5 Creative Vegetable Garden Ideas
Who says a vegetable garden has to feature neat rows in the backyard soil? Seeds and seedlings are just itching to grow, and they will do so just about anywhere you put dirt. Be creative about your vegetable garden design to come up with something unique that fits your mood and your living space. Here are some cool ideas to get things rolling.
1. Veggies in Hanging Baskets
Do you love homegrown vegetables, but find you're short on garden space? Take your vegetable garden to new heights by planting in hanging baskets. Although most wicker or wire hanging baskets you see on patios are filled with flowers, veggies work just as well. You can hang baskets in any corner of sunshine, from a sunny porch to a fire escape landing. And the height keeps veggies out of range of slugs, snails, moles and ants.
Most small veggies grow happily in a hanging basket, but a few work particularly well. Lettuce is one, since you can easily pick off leaves for salad without bending over. Cherry tomato plants and strawberries also grow well and look charming when spilling from hanging baskets. Or, put together an herb hanging basket with basil, parsley, sage, thyme and chives.
2. Veggies in Containers
Some backyards have no garden space but lots of level areas like patios, pool areas and sidewalks. If that sounds like your home, consider planting your veggies in containers.
Your aren't limited in your choice of containers. Consider big pots, plastic buckets, vintage cans, wooden wine crates or even bathtubs. Make sure each container has multiple drain holes, fill it with good quality potting soil and place it in the sun.
Almost any veggie can be grown in a container, including green peppers, beets, tomatoes, beans and chard, but choose "bush" or "dwarf" varieties for sprawling plants like tomatoes or beans. Frilly carrot foliage and bright young radishes are especially attractive in wooden crates.
3. Veggies on Pallets
It sounds wacky when you first hear about it, but growing a vegetable garden on a wooden pallet is trending around the country. The vegetable garden layout can be horizontal or vertical. For a horizontal layout, lie the pallet down on worked soil and press it into the soil to stabilize it, then add soil to the open rows for planting. They are the easiest raised vegetable garden beds ever.
For a vertical layout, lean the pallet against a wall or attach it to the wall with L-brackets. But first, staple garden fabric tightly across the back side of the pallet, then add thin plywood to make it more secure. Fill the open rows on the front of the pallet with quality potting soil. Add the seedlings, placing their root balls between the slats with soil tucked firmly around them.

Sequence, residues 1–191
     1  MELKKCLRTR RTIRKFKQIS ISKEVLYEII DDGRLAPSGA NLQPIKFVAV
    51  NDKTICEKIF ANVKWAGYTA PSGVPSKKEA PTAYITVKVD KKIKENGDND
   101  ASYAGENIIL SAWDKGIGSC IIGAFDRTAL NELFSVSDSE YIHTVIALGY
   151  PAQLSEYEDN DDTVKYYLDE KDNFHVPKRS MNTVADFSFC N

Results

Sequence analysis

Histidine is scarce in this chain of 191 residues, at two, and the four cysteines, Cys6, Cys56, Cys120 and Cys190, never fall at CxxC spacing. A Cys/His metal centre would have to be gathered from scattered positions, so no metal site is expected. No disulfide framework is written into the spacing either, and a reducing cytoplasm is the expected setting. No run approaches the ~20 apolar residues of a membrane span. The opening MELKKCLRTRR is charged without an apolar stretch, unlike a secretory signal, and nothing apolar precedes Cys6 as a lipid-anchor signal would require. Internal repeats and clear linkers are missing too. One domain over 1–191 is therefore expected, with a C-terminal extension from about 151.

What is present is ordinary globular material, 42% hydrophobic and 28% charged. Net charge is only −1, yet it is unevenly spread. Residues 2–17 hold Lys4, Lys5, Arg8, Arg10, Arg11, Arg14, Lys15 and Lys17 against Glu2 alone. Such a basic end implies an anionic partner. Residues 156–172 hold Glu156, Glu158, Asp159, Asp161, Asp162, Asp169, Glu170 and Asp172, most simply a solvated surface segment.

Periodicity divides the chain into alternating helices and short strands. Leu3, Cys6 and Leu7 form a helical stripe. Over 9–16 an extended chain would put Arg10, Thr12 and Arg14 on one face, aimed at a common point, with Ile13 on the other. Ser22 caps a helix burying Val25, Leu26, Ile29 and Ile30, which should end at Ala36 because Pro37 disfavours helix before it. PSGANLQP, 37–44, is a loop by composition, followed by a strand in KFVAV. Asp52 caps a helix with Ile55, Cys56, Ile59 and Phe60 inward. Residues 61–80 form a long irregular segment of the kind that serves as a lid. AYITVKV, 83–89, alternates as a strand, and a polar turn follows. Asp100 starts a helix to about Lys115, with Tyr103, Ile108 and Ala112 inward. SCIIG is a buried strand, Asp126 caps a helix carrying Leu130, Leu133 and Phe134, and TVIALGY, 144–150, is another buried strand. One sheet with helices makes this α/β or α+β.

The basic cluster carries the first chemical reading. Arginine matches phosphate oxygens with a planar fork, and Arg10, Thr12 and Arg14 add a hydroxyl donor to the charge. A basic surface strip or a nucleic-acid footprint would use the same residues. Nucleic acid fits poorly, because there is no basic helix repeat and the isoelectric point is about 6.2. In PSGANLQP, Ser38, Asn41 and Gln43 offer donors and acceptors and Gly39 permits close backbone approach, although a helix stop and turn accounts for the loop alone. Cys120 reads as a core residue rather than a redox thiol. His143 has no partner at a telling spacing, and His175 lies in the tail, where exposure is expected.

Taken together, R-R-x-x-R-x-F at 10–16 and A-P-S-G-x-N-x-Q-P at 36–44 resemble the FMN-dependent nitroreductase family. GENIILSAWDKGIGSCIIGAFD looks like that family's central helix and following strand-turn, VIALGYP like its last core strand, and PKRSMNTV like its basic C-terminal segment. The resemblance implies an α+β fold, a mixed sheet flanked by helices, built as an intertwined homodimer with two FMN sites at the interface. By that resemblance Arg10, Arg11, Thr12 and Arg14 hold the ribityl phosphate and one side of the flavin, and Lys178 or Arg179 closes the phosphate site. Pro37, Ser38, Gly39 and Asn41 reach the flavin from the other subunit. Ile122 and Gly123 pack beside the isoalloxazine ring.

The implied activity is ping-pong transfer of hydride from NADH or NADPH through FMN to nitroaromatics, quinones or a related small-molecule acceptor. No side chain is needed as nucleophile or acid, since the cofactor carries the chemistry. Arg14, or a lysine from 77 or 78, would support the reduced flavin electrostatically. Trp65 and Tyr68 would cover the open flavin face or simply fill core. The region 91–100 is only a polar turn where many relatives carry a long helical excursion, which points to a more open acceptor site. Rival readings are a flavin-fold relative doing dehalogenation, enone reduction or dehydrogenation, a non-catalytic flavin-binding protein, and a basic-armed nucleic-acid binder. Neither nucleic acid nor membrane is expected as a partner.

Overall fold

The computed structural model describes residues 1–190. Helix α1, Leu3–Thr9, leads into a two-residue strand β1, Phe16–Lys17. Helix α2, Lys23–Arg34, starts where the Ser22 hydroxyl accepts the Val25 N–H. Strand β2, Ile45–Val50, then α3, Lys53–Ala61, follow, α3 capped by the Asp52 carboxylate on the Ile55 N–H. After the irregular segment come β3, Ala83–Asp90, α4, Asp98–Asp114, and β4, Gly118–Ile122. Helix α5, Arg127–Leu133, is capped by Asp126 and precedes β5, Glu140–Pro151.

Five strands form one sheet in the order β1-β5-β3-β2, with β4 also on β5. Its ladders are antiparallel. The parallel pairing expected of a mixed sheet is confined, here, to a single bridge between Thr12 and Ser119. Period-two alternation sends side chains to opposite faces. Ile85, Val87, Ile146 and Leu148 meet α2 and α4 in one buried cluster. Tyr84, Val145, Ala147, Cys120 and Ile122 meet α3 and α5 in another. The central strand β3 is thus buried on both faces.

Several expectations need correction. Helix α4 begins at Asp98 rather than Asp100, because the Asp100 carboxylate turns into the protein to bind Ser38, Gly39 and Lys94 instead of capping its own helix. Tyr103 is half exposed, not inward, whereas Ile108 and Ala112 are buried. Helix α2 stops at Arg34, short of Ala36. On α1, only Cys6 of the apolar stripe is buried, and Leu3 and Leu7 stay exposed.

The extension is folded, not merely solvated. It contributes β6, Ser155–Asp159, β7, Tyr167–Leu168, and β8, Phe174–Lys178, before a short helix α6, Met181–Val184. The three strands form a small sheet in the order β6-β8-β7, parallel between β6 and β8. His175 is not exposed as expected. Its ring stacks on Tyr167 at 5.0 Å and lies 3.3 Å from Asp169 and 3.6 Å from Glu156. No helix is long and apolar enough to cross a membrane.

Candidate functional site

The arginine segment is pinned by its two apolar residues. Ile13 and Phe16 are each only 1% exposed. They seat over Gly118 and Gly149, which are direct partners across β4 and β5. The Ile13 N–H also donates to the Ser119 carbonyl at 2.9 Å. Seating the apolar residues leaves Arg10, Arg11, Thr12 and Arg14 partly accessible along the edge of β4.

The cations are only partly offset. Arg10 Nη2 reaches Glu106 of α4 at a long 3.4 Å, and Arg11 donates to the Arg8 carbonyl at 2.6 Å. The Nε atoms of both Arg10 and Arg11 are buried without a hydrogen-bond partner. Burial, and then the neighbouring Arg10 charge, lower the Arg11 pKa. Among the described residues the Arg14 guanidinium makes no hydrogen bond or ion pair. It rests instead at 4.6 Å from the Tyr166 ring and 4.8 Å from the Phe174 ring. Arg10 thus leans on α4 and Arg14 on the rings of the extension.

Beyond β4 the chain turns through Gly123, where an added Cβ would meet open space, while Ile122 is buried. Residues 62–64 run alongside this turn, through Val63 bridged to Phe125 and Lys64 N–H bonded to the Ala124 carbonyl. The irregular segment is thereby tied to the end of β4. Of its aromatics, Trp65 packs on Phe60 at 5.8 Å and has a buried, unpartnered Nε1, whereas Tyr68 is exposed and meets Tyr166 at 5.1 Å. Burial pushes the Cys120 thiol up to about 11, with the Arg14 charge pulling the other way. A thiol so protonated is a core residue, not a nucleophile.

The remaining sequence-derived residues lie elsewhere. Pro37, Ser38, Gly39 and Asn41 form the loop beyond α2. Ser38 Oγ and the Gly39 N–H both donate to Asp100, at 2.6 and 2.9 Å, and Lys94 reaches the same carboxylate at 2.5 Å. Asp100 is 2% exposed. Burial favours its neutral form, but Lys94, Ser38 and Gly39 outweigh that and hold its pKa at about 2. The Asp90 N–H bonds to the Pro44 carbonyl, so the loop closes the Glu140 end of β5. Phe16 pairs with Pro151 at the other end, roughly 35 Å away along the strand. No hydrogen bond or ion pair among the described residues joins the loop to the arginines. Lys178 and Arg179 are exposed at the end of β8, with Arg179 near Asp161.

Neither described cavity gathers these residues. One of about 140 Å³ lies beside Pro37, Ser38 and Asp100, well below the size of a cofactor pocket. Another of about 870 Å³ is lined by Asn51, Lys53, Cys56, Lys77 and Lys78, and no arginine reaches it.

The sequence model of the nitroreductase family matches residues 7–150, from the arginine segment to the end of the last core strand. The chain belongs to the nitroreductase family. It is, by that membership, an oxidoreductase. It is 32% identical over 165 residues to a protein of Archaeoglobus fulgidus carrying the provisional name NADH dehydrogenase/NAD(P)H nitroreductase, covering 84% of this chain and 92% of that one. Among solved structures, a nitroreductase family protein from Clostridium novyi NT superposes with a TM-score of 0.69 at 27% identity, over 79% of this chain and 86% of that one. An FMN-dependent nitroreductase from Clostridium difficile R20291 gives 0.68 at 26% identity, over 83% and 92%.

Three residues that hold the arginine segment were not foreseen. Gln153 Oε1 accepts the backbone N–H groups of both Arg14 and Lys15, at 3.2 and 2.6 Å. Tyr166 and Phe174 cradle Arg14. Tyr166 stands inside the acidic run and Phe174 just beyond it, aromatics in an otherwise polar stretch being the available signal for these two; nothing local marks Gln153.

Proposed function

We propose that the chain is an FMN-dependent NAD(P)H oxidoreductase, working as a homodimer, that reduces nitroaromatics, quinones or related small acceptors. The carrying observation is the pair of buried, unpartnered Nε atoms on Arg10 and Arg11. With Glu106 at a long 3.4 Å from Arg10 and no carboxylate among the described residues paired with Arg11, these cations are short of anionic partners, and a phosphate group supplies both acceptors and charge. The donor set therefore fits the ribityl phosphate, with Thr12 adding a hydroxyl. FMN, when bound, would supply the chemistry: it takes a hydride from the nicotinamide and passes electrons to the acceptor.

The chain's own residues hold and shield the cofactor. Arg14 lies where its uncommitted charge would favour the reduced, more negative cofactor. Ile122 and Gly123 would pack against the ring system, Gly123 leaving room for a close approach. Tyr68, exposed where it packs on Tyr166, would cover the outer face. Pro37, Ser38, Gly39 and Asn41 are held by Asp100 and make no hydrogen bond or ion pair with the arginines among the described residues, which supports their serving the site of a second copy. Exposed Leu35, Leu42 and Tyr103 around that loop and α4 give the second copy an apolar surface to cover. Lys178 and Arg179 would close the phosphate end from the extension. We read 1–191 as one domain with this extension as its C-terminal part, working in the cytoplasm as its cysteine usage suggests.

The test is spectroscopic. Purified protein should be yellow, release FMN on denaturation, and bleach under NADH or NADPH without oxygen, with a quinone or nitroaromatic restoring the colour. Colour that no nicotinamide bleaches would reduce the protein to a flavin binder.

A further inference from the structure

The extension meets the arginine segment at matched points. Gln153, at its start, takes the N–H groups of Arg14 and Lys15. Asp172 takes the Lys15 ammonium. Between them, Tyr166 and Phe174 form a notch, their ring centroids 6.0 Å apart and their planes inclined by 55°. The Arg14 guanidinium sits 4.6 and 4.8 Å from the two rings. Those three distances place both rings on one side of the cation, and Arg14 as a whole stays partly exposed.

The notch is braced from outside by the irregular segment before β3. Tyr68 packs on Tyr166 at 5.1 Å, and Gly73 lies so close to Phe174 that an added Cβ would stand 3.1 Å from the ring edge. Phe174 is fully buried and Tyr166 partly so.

4. Veggies Intermingled With Flowers
Many gardeners keep their flower beds and vegetable garden separate, but there is no law that says you can't mix and match. The mixed garden will be prettier and more colorful than a regular veggie garden, but that's not the only benefit. Experts agree that having flowers as neighbors helps veggies grow better.
How so? Planting your veggies with a profusion of flowers helps control insects and encourages pollination. That's because those bright blossoms are designed by nature to attract beneficial insects and pollinators. And, the mixed fragrances can also confuse some bugs who are looking for a particular type of vegetable.
For example, if you plant marigolds with your veggies, Japanese beetles will flock to the flowers instead of the vegetables. Pluck the beetles off the marigolds in the morning and toss them into soapy water.
And, adding violas may attract female lady beetles or green lacewings who are looking to lay eggs. The larvae, when hatched, will happily polish off the aphids eating your broccoli.
5. Veggies in Hanging Shoe Organizers
Hanging shoe organizers may or may not work well in your closet, but they are super-cool in the garden. Use a canvas organizer and hang it on a sunny fence or south-facing wall in your backyard. Fill those deep pockets three-quarters full of good potting soil, then install plants. Peas, cherry tomatoes and strawberries are particularly gorgeous with their foliage spilling out over the top of each pocket. This also works perfectly for a vertical herb garden.
- Southern Living: Fruits and Vegetables You Can Grow in a Hanging Basket
- Good Housekeeping: 7 Fruits And Vegetables You Can Grow In Hanging Baskets
- University of Maryland Extension: Container Gardening
- DenGarden: Dress Up Your Garden With a Wine Crate Herb Box
- East Texas Gardening: Vegetables in Containers
- New England Today: How to Make a Wood Pallet Garden
- Growing a Greener World: Creating a Pallet Garden
- Master Gardeners of Napa County: Growing Flowers with Your Vegetables
- Burpee: Growing Vegetables and Flowers in Harmony
- Mother Earth News: Wise Pairings
- Birds and Blooms: Shoe Organizer Herb Garden
- Instructables: VERTICAL VEGETABLES: "Grow Up" in a Small Garden and Confound the Cats!
Teo Spengler is a docent with the San Francisco Botanical Garden and a staff writer with Gardening Know How. She has written hundreds of gardening and plant articles for sites like eHow Gardening, Gardening Know How and Hunker. She holds a JD in law from U.C. Berkeley, an MA in English and an MFA in Creative Writing.